This week, the House of Representatives will debate closing the detention facility located at Guantanamo Bay, Cuba. Leading up to the debate, it is important to correct some of the distortions that have built up over the past 11 years. This document is designed to lay out the facts regarding GTMO. 

MYTH: Closing GTMO would endanger our security and invite terrorism attacks.

FACT: There are ZERO facts to support the claim that trying or detaining suspected terrorists in the United States would endanger national security. More than 400 defendants charged with crimes related to international terrorism have been successfully convicted in the United States since 9/11, including one former GTMO detainee, who was tried in New York City (see United States v. Ghaliani), with no security incidents. More than 300 individuals convicted of crimes related to international terrorism are currently incarcerated in federal prisons within the United States with no escapes or attacks in attempts to free them.

MYTH: Closing GTMO would be expensive.

FACT: Keeping GTMO open is expensive. In fact, it is the most expensive prison in the world. We are currently spending approximately $1.6 MILLION per detainee each year at Guantanamo Bay, compared to $34,046 per inmate at a high-security federal prison. The cost of transfers to the United States and construction and modification of prisons in the United States would not equal the continued cost of GTMO. The FY 2014 National Defense Authorization Act provides more than $260 million in operations costs, and more than $186 million for construction to continue operating a “temporary” facility. The financial costs for keeping GTMO open are massive and unnecessary.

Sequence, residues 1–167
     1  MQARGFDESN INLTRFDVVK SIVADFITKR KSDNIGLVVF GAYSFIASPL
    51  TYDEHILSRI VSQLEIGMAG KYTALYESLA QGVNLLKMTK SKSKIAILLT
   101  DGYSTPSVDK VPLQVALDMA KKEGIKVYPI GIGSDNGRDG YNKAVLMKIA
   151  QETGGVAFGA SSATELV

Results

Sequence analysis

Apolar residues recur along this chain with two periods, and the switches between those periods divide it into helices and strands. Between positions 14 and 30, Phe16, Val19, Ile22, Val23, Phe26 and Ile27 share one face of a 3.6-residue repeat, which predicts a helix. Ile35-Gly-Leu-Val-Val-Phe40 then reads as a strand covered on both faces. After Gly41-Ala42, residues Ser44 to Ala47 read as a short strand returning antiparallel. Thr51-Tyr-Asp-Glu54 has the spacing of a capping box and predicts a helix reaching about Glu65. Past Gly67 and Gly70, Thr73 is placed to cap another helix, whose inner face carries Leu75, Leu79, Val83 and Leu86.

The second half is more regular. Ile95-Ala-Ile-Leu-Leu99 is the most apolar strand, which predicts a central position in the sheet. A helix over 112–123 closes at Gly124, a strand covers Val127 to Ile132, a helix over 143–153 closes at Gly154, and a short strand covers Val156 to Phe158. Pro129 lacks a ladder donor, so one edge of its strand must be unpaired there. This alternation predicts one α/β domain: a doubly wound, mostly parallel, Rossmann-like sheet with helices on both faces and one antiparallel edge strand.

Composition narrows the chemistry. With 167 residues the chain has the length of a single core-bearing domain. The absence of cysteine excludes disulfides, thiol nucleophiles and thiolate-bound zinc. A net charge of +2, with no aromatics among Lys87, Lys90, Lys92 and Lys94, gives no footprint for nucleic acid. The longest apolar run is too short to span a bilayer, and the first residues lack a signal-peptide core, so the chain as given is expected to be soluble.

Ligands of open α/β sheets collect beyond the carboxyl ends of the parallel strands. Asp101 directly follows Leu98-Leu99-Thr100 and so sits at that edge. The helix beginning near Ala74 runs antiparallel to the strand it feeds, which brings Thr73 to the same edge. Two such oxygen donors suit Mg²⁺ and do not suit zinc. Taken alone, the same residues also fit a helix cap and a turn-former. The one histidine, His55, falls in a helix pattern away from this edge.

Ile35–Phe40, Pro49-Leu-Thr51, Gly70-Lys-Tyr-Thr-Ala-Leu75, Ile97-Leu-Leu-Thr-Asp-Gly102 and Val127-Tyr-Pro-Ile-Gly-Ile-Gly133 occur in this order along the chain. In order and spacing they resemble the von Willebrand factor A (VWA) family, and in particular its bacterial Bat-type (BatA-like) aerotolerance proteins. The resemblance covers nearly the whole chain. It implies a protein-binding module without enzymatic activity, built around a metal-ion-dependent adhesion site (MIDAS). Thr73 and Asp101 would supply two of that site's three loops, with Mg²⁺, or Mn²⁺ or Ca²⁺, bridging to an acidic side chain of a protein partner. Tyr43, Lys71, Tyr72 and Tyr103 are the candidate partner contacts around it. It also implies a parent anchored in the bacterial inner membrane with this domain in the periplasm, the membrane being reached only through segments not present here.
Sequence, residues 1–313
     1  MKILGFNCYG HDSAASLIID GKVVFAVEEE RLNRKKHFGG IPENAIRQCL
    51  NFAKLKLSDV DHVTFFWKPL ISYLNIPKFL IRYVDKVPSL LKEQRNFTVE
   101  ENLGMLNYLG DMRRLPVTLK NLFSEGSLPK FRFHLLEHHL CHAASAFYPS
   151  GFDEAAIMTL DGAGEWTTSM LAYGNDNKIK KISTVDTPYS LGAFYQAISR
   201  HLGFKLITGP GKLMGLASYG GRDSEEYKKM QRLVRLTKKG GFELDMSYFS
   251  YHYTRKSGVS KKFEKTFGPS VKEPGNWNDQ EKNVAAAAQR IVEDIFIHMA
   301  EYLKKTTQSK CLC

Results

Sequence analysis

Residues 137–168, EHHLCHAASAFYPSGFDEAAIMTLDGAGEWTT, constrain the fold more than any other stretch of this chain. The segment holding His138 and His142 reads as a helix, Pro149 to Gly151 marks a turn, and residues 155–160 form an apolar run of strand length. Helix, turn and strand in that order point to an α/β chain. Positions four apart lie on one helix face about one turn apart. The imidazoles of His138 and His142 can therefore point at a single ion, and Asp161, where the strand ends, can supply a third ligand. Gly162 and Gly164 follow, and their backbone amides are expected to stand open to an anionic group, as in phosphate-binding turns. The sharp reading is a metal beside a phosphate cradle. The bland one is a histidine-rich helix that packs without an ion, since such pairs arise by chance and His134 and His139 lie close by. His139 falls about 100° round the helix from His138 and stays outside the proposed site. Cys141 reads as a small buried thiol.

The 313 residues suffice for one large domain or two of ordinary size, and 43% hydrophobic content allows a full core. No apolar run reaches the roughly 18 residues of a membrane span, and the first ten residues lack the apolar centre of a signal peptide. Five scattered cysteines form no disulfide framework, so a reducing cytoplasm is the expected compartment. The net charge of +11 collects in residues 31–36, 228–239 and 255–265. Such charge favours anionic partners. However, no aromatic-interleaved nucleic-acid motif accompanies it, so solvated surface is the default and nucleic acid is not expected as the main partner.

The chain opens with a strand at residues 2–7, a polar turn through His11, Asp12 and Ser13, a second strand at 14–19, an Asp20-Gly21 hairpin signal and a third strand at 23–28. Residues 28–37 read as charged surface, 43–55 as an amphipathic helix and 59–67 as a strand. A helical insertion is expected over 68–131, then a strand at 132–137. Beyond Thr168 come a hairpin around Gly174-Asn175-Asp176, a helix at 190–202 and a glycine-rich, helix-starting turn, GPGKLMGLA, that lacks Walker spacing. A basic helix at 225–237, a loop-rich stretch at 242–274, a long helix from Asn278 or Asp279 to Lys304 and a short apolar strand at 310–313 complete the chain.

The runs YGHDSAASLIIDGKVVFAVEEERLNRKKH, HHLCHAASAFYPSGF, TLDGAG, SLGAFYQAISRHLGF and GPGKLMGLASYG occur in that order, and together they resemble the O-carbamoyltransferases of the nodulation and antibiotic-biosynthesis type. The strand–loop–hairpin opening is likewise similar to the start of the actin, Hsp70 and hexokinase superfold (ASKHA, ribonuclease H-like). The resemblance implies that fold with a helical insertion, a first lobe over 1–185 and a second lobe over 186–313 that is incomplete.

MYTH: Security costs for trials in the United States for GTMO detainees would be extremely high.

FACT: One GTMO detainee has already been tried in New York City (see United States v. Ghaliani)  with costs on a par with other terrorism cases. Additionally, trying individuals in a military commission at GTMO is excessively expensive. For FY14, the Department of Defense has requested more than $90 million to operate military commissions at GTMO.

MYTH: GTMO Detainees are the worst of the worst.

FACT: While a number of the detainees represent the “worst of the worst,” such as Khalid Sheikh Mohammed and other accused 9/11 conspirators, 86 detainees have been recommended by the intelligence community and the Joint Chiefs of Staff for transfer or release.

MYTH: Terrorism trials in federal civilian courts have resulted in the leak of classified evidence.

FACT: Again, our federal court system has an impeccable record of successfully trying suspected terrorists without compromising national security. In the “Blind Sheik” case in 1993, a list of co-conspirators was released to the public, but due to an error, not a failure of security procedures. Mistakes can happen anywhere and military commission procedures for handling of classified evidence largely copy the procedures used in federal civilian courts.

MYTH: GTMO detainees transferred to the United States may receive additional constitutional rights.